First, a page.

Table summarizes key clinical differences between Legionnaires’ disease and Pontiac fever
Legionnaires’ disease Pontiac fever
Clinical features Fever, myalgia, and cough (according to the CSTE* case definition)

These symptoms are typical but not required; additional symptoms (e.g., shortness of breath, headache, confusion, nausea, diarrhea) may be present

A milder illness without pneumonia (according to the CSTE* case definition)

A flu-like illness, often with fever, chills, headache, myalgia, fatigue, malaise; less often with symptoms such as cough or nausea

Pneumonia (clinical or radiographic) Yes No
Pathogenesis Replication of organism Possibly an inflammatory response to endotoxin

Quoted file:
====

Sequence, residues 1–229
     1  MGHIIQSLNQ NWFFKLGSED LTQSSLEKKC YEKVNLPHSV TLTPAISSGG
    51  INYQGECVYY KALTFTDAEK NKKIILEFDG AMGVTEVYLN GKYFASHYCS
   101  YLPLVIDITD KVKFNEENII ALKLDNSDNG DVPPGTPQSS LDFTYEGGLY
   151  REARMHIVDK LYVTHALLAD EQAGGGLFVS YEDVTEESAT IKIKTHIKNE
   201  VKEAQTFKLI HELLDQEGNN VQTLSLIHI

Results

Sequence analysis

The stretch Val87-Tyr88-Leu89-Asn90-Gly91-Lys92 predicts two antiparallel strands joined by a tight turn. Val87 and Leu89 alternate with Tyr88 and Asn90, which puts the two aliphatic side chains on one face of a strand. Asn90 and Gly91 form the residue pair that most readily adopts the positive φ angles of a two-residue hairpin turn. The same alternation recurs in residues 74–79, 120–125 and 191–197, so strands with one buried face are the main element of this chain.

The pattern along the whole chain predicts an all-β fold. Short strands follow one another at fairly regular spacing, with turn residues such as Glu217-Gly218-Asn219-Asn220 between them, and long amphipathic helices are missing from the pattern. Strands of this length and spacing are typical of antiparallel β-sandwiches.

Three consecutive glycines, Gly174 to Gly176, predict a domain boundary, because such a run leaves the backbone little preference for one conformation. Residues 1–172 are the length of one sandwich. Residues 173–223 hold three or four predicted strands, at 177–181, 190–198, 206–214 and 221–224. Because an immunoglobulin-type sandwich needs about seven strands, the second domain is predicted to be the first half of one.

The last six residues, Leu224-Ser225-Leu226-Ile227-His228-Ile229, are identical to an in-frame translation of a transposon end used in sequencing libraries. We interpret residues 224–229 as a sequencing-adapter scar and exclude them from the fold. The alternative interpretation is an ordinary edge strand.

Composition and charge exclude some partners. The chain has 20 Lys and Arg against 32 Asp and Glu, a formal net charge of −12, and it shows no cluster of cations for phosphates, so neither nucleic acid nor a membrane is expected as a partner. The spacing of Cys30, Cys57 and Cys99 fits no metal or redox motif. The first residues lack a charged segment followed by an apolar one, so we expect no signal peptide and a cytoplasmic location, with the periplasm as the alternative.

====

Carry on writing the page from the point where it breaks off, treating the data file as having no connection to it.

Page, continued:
Incubation period 2 to 10** days after exposure 24 to 72 hours after exposure
Percent of people who become ill, when exposed to the source of Legionella Less than 5%1 Greater than 90%2
Treatment Antibiotics Supportive care (because illness is self-limited)
Isolation of the organism Possible Never demonstrated
Outcome Hospitalization common
Case-fatality rate: 10% (25% for healthcare-associated)
Hospitalization uncommon
Case fatality rate: extremely low

* CSTE: Council of State and Territorial Epidemiologists
** The incubation period for Legionnaires’ disease is most commonly 2 to 10 days from the time of exposure to symptom onset, with an average of 5 to 6 days, but public health officials have reported incubation periods up to 19 days under rare circumstances. For surveillance purposes, public health officials collect exposure histories for the 10 days before date of symptom onset. However, in outbreak settings where it is important to consider a wide range of possible sources, use of a 14-day range may be desirable.